Esperanto Language Blog

Klingon opera in Berlin?! Posted by on Feb 23, 2013 in Uncategorized

Today, I’ll be taking a quick detour from my usual fare to bring you something different, because last night I attended the opera. If you’ve read the headline, then you have correctly guessed that this opera was entirely in Klingon! When I first heard about it, I was skeptical, but even though I’m not a trekkie, I decided I really can’t pass up going to a Klingon opera!

The lights dimmed and the director came out and said, “The Klingon Terran Research Ensemble presents ‘u’, an authentic Klingon opera, ready for its last performance on earth.” He then explained that Klingon culture places a high value on opera and that Klingons all over the planet love this art form. One of the Klingons sitting in front of me enthusiastically yelled out “Yes!” in agreement. He went on to tell us that Klingon opera is divided into three acts, of which I remember the third is called the “impact act”. We were also informed that audience participation is required, as that we were to scream along during the actor’s battle cry. In Klingon culture, it is considered rude to be silent during these moments.

Klingons love opera

So, you’re probably wondering how can you enjoy an opera, if you can’t understand a word of it. Well, before each act, the screen behind the set displayed a summary of what would happen in English. Each summary was around 5 paragraphs. It reminded me of the surtitles that are displayed over many “ordinary” opera performances, so you can understand all the words.

The director has chosen, however, to let us bask in the Klingon language from the beginning. From what I know of Klingon, I could tell the language was well pronounced. The woman sitting next to me had studied some Klingon, and said that she had never heard it pronounced so clearly.

Klingon instruments

The Klingon “orchestra” started to play with music that fit the scenes perfectly. It had an otherworldly sound to it, and was magnificent. Several sounds came close to sounding like an emergency signal from a spaceship, while other parts had heavy percussion to follow along a battle scene. This was often accompanied by the actors and actresses singing in Klingon. Truly a sight and sound to behold!

To give you a feel for the opera, you can view this clip from a Dutch news broadcast about their first performance (starting at 0:35).

In the third act, the crowd really got into the battle cry and the entire theater erupted in a giant primordal scream from the audience… to show respect for the Klingon arts, of course! All in all, the experience was very enjoyable and would highly recommend attending if they perform near you. They said, unfortunately, that that would be their last performance on earth, but one can always hope that they’ll gear up again sometime!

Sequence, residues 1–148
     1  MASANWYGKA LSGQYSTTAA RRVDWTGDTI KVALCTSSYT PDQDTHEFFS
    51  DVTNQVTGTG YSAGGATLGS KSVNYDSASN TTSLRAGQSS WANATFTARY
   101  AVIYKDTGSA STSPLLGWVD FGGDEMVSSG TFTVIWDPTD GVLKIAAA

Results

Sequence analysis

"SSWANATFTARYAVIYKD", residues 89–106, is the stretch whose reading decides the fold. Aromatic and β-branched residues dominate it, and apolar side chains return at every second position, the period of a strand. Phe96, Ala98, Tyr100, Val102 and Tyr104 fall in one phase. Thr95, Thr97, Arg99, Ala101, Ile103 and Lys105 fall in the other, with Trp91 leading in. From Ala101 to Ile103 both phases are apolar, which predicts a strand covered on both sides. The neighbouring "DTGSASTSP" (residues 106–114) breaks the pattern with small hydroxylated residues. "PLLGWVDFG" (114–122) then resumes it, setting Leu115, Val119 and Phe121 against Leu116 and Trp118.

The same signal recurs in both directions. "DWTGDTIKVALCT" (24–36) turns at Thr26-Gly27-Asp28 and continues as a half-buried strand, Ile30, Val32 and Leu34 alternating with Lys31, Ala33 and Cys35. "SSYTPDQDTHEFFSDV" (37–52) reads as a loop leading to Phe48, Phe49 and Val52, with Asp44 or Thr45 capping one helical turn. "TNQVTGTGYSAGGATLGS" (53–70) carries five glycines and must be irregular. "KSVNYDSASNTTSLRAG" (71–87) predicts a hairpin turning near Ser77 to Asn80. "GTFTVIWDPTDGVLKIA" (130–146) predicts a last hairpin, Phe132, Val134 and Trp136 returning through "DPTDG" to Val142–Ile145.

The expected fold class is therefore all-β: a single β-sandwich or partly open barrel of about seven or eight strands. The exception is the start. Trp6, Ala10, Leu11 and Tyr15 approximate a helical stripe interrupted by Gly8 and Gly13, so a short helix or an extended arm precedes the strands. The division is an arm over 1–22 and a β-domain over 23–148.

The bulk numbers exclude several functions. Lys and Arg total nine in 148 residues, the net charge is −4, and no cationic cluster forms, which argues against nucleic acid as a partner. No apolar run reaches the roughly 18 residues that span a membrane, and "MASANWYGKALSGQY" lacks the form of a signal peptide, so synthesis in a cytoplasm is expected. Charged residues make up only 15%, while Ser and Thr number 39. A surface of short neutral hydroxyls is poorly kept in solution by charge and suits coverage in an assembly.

Marc Okrand (right) and me

There was one last surprise though. During the curtain call, one man stood up in the audience to take some pictures and he was none other than Marc Okrand himself, an American linguist who invented the Klingon language! I later learned that he had actually written the script for the entire opera. Even though he denied the request to go on stage for a bow, he was very kind in giving out autographs and having his picture taken with members of the audience. His name was mentioned in the event’s description online, but I don’t think anyone expected him to be there!

Since this is an Esperanto blog, after all, I guess I should have to say I have to wonder if the world of experimental theater would be open to such a play in Esperanto. While not having the concrete cultural background of Klingon, it would have the advantage that carefully chosen words and ways of acting them out could be understood by an audience who can’t speak Esperanto. A brilliant example of this is a performance by Daniel Soloman in his piece La seksa vivo de helikoj (the sex life of snails), given to an audience who can’t speak Esperanto near Stuttgart, Germany. Another idea would be to develop an Esperanto play for the public with surtitles in the local language. What do you think?

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About the Author: Chuck Smith

I was born in the US, but Esperanto has led me all over the world. I started teaching myself Esperanto on a whim in 2001, not knowing how it would change my life. The timing couldn’t have been better; around that same time I discovered Wikipedia in it’s very early stages and launched the Esperanto version. When I decided to backpack through Europe, I found Esperanto speakers to host me. These connections led me to the Esperanto Youth Organization in Rotterdam, where I worked for a year, using Esperanto as my primary language. Though in recent years I’ve moved on to other endeavors like iOS development, I remain deeply engrained in the Esperanto community, and love keeping you informed of the latest news. The best thing that came from learning Esperanto has been the opportunity to connect with fellow speakers around the globe, so feel free to join in the conversation with a comment! I am now the founder and CTO of the social app Amikumu.


  1. miki:

    Maybe entertainment companies would add Esperanto subtitles or dub tracks to movies or TV shows in their back catalogues, too, if they thought it would help sell a few DVDs.